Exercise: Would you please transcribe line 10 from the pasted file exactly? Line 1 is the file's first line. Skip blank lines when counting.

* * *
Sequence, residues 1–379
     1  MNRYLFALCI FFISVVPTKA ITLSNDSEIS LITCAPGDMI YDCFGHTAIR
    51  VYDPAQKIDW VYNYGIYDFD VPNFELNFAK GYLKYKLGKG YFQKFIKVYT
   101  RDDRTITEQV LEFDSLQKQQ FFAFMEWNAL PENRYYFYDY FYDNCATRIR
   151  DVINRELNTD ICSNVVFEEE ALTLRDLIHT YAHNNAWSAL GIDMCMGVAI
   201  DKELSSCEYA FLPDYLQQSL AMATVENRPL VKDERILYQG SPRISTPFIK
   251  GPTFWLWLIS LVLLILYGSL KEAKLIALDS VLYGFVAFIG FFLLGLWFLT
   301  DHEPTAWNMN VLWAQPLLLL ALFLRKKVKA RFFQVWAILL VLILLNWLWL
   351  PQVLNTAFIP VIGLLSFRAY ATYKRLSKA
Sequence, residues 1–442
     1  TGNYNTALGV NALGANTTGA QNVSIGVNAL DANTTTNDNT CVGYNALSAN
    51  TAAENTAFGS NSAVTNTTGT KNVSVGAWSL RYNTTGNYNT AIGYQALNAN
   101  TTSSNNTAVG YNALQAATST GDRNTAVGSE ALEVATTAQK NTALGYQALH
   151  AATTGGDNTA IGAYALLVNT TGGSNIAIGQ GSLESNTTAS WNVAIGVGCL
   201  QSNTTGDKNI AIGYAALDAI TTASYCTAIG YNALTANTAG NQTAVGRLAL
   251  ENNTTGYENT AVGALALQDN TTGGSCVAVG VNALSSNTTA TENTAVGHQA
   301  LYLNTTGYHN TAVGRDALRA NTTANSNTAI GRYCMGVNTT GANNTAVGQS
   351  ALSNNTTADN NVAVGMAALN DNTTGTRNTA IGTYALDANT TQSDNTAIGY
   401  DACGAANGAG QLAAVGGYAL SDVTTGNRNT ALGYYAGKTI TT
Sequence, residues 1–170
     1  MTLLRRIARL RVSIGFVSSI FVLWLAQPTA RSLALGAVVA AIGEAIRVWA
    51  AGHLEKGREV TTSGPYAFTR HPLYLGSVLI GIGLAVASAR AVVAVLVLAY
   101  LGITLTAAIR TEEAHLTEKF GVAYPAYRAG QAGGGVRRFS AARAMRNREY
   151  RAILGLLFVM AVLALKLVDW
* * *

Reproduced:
Sequence, residues 1–442